The rogue poem

Sitting on a sunlit hill

I heard a distant rumble

I posed a theatrical stance,

To be sure I didn’t stumble.

And raising up at the very peak

Was a viscous poem in force.

Twelve stanzas stood up in line

Each one like a gallant horse.

Each a recurring metric unit

And a gigantic accent verse,

Then came a group of anagrams

Standing in reverse.

To one side of the body,

An acrostic line stood still,

Which from one end to the other

Spelled trouble on that hill.

Dressed as an anthropomorphism

A man shouted commands

But I saw no apostrophe

Noting ownership of his demands.

I thought I saw an allegory

Of mighty mass confusion

But on much closer reflection,

T’was only an allusion.

An anachronism rode the line

Seeking a place to rhyme

But I shouted out and said

“I’m sorry, but this is not your time.”

Above an area around an anthropomorphism

Arrived an artillery of alliteration

Standing on their dimeter,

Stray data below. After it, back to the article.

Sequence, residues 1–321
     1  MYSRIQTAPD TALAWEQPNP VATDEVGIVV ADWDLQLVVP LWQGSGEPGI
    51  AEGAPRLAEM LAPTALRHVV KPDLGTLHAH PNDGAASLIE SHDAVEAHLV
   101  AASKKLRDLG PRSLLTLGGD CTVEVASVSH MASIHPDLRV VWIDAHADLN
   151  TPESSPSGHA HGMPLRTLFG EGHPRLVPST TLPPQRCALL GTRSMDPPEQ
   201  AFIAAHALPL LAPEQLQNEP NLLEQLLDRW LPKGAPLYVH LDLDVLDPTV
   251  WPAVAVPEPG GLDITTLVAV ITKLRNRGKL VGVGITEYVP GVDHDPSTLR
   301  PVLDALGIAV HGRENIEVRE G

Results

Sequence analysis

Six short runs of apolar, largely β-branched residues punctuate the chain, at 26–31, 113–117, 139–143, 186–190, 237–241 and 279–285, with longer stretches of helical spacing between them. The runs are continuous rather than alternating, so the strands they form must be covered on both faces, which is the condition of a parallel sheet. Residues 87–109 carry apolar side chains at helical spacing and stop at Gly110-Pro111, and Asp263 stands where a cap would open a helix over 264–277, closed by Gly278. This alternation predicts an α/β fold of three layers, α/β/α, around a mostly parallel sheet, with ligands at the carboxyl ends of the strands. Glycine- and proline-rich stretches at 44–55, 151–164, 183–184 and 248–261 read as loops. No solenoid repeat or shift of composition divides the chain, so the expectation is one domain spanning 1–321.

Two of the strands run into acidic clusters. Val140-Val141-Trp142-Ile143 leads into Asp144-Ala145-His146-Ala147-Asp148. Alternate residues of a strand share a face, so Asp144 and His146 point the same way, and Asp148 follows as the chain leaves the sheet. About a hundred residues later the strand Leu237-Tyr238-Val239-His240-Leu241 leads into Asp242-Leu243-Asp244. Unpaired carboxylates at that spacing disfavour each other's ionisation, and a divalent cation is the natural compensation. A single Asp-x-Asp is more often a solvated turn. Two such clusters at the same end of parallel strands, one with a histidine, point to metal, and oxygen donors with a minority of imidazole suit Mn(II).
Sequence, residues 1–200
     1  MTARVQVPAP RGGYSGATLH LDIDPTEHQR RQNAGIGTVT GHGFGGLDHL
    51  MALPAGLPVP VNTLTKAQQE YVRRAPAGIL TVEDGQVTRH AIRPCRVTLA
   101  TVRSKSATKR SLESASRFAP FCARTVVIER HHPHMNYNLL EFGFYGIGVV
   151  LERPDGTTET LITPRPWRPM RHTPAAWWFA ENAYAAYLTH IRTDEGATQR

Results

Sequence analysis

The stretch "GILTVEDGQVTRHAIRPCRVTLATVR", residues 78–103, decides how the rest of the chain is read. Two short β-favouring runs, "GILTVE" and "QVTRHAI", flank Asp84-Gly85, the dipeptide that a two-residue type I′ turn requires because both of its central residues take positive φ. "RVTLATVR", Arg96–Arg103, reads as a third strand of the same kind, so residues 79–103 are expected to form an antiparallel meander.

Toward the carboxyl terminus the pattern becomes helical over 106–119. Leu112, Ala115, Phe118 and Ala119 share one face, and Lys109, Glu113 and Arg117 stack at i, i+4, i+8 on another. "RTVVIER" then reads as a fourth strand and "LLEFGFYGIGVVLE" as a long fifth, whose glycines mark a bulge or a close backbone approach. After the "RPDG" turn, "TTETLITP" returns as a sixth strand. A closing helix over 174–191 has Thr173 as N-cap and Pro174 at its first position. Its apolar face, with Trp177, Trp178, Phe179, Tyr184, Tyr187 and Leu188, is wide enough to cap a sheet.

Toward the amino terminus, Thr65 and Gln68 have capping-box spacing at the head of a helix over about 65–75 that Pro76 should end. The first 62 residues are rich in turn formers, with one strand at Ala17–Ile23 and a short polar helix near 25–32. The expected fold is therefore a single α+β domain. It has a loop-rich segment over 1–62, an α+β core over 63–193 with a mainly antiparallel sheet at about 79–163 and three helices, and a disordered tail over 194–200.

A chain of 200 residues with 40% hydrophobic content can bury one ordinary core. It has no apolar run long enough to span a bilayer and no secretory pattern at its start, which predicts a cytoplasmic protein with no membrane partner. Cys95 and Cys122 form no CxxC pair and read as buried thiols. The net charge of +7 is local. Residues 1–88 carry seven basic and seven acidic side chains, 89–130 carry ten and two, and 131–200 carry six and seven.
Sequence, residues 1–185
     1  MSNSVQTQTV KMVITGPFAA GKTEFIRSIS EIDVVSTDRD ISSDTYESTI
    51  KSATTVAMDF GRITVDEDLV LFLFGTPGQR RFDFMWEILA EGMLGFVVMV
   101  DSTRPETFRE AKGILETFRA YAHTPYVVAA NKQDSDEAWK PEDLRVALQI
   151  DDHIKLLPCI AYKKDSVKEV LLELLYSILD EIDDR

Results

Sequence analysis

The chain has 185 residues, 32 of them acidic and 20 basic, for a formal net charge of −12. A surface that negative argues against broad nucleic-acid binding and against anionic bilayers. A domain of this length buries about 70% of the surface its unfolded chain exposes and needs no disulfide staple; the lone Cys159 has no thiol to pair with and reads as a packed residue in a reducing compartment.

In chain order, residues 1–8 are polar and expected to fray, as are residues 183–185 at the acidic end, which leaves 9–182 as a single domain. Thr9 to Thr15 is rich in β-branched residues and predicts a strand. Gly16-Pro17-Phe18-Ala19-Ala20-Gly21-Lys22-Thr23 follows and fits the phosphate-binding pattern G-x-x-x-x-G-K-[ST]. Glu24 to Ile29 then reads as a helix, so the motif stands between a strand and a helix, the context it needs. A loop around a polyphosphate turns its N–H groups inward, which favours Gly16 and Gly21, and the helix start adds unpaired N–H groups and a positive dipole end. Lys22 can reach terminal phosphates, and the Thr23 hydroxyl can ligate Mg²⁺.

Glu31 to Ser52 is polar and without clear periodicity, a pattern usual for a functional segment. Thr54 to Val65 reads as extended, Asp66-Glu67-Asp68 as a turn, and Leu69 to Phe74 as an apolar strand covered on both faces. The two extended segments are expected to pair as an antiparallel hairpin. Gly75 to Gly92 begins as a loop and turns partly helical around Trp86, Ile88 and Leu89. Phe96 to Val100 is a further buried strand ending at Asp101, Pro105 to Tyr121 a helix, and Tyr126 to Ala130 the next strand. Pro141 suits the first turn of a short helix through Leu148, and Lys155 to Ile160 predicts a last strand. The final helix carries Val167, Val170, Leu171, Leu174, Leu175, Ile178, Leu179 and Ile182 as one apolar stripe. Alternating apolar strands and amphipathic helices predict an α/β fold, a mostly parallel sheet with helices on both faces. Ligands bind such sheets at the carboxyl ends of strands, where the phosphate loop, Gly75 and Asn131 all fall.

They could not form a collation.

A group of onomatopoeia

Came clashing, puffing and banging

Then turned back up the hill

And went fizzing, clacking, clanging.

At once the poem came charging,

Quintains standing on my right

And Quatrains to the left,

And fighting filled the night.

We wrestled in fields of dactyls,

Dogs of punctuation bark

And I could not hear a sound

Above a loud quotation mark.

In desperate carnage I raised

My sharp exclamation point

And crashed it down upon the field

And the battle did disjoint.

Words came crashing down around

Colons cowardly fled the field,

Diction gave way to babble,

The poem commenced to yield.

The last dying act before the end

A couplet split in two

The poem laid waste in a pool of ink

And I ran the blighter through.

 

 

COPYRIGHT © 2017 GRANT FENTON – ALL RIGHTS RESERVED

 

 

 

 

 

 

 

 

 

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